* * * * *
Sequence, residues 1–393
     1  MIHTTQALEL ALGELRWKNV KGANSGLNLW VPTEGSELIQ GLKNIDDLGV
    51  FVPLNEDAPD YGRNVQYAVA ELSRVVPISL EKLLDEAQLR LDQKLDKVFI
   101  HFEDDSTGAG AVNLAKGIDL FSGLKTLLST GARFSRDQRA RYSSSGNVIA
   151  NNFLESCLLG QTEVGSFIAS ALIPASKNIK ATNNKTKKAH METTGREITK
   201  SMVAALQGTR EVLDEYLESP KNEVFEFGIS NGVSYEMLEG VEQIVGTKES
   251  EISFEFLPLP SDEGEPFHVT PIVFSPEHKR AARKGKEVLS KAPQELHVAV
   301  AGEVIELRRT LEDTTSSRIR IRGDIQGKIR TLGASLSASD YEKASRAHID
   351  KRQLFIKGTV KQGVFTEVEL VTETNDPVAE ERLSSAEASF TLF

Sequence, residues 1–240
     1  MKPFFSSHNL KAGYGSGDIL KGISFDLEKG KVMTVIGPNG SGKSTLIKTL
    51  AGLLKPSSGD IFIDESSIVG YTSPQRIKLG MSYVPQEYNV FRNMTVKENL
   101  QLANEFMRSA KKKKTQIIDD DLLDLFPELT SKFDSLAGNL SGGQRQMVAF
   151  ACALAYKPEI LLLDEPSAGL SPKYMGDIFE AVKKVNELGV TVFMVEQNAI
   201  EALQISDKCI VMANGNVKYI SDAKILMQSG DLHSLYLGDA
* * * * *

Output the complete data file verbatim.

Sequence, residues 1–393
     1  MIHTTQALEL ALGELRWKNV KGANSGLNLW VPTEGSELIQ GLKNIDDLGV
    51  FVPLNEDAPD YGRNVQYAVA ELSRVVPISL EKLLDEAQLR LDQKLDKVFI
   101  HFEDDSTGAG AVNLAKGIDL FSGLKTLLST GARFSRDQRA RYSSSGNVIA
   151  NNFLESCLLG QTEVGSFIAS ALIPASKNIK ATNNKTKKAH METTGREITK
   201  SMVAALQGTR EVLDEYLESP KNEVFEFGIS NGVSYEMLEG VEQIVGTKES
   251  EISFEFLPLP SDEGEPFHVT PIVFSPEHKR AARKGKEVLS KAPQELHVAV
   301  AGEVIELRRT LEDTTSSRIR IRGDIQGKIR TLGASLSASD YEKASRAHID
   351  KRQLFIKGTV KQGVFTEVEL VTETNDPVAE ERLSSAEASF TLF

Sequence, residues 1–240
     1  MKPFFSSHNL KAGYGSGDIL KGISFDLEKG KVMTVIGPNG SGKSTLIKTL
    51  AGLLKPSSGD IFIDESSIVG YTSPQRIKLG MSYVPQEYNV FRNMTVKENL
   101  QLANEFMRSA KKKKTQIIDD DLLDLFPELT SKFDSLAGNL SGGQRQMVAF
   151  ACALAYKPEI LLLDEPSAGL SPKYMGDIFE AVKKVNELGV TVFMVEQNAI
   201  EALQISDKCI VMANGNVKYI SDAKILMQSG DLHSLYLGDA